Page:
And also, that assembler for an 8 bit processor is very much easier to handle then modern asm. You can fit the entire instruction set on a single page, and it was not uncommon to know the hex opcodes for all of them by heart.
True. I used to program the 6502 by hex code. Still remember a few instructions. That was fun, but a waste of memory today.
Only way to update the code was to replace buggy code with a jump to the first free memory, add corrected instructions, and then a jump back again. That was true spaghetti programming. My first game was a Asteroid look-a-like, but using character graphics.
I remember the day I could afford an upgrade of the RAM from 4K to 8K.
Wow, old memories coming back. I implemented my first programming language at that time, being a Lisp-look-a-like (implemented using the string functions in the built-in Basic). Didn't work very well, due to a memory management in the Basic interpreter that would eventually hang. I complained to the retailer, and they said it was "normal behavior".
It was possible to save the binary code to a tape recorder, but I don't remember the details.
I'd recognise that computer anywhere - Ohio Superboard or UK101 (in the UK) a computer sold in kit form in the 70s - My mum convinced my dad to buy one I never programmed it beyond basic but got into 6502 once she convinced my dad to buy an Acorn BBC-B. Nice job with the case! We actually bought a case to go around it but my dad added a PSU that sat on top and got so hot it required a massive fan which didn't have a cage and affected the video output making it go wavy.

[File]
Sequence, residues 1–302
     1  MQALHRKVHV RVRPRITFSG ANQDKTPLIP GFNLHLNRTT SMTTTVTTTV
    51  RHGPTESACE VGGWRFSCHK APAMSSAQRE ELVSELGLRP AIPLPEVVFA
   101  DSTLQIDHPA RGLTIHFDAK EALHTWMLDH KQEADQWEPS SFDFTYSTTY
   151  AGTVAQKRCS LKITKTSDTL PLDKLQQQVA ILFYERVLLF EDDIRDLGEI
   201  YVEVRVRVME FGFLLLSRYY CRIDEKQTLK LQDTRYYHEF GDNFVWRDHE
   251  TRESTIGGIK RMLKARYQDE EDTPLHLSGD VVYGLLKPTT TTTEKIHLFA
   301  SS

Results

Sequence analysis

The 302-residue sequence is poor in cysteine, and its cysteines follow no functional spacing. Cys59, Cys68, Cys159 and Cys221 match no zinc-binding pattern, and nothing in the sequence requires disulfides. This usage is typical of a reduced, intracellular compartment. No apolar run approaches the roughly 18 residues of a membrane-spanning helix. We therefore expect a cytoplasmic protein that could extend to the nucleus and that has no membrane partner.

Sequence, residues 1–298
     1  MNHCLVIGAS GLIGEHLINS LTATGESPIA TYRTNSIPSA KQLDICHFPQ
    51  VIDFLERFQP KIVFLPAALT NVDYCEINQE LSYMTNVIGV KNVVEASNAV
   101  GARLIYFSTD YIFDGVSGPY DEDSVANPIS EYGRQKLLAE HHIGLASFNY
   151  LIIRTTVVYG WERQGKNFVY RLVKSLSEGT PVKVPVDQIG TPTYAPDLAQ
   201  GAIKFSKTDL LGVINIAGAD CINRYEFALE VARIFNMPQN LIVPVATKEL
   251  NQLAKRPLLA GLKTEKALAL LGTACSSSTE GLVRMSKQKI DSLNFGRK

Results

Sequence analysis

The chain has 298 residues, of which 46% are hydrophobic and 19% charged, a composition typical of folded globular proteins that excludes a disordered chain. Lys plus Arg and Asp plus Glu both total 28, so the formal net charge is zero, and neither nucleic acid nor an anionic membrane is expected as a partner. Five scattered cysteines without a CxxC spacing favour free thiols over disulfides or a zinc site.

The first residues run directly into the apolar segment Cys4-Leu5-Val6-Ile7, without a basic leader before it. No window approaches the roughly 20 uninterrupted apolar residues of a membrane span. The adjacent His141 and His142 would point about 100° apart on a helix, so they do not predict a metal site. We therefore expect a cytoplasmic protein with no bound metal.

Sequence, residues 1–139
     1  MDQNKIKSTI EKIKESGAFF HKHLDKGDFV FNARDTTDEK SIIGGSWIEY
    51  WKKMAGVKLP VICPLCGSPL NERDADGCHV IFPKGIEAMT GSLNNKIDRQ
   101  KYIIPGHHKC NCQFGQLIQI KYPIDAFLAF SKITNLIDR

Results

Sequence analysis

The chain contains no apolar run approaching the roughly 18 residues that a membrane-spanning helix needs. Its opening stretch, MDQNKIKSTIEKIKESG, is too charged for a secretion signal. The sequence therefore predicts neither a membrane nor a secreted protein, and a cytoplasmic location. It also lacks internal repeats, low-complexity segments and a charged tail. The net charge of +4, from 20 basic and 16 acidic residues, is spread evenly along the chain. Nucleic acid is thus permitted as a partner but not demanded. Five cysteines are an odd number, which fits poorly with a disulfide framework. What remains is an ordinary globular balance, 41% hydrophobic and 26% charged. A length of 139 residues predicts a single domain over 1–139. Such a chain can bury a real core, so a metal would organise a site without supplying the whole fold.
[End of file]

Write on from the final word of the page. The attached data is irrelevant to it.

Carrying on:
I'm not sure if other platforms did this but when Acorn implemented their version of the Basic language they made it incredibly easy to drop in and out of 6502 assembler within the basic program - IIRC it was as simple as putting a control code and then getting on with using the values you were passing in and out.
I think that was a big step in getting early coders into assembler easily on the BBC.
Personally my first steps in 6502 were disassembling the code for a game until I figured out how the game was drawing the sprites. Due to the fact that computers only had video memory and no buffer to draw a sprite that didn't destroy the background you first had to save the background onto a stack. Draw the sprites, calculate new positions, then draw the background back onto the sprites by pulling off the stack (to preserve any multiple overwrites with other sprites), push the new location backgrounds onto the stack - repeat.
That's about as much as I can remember!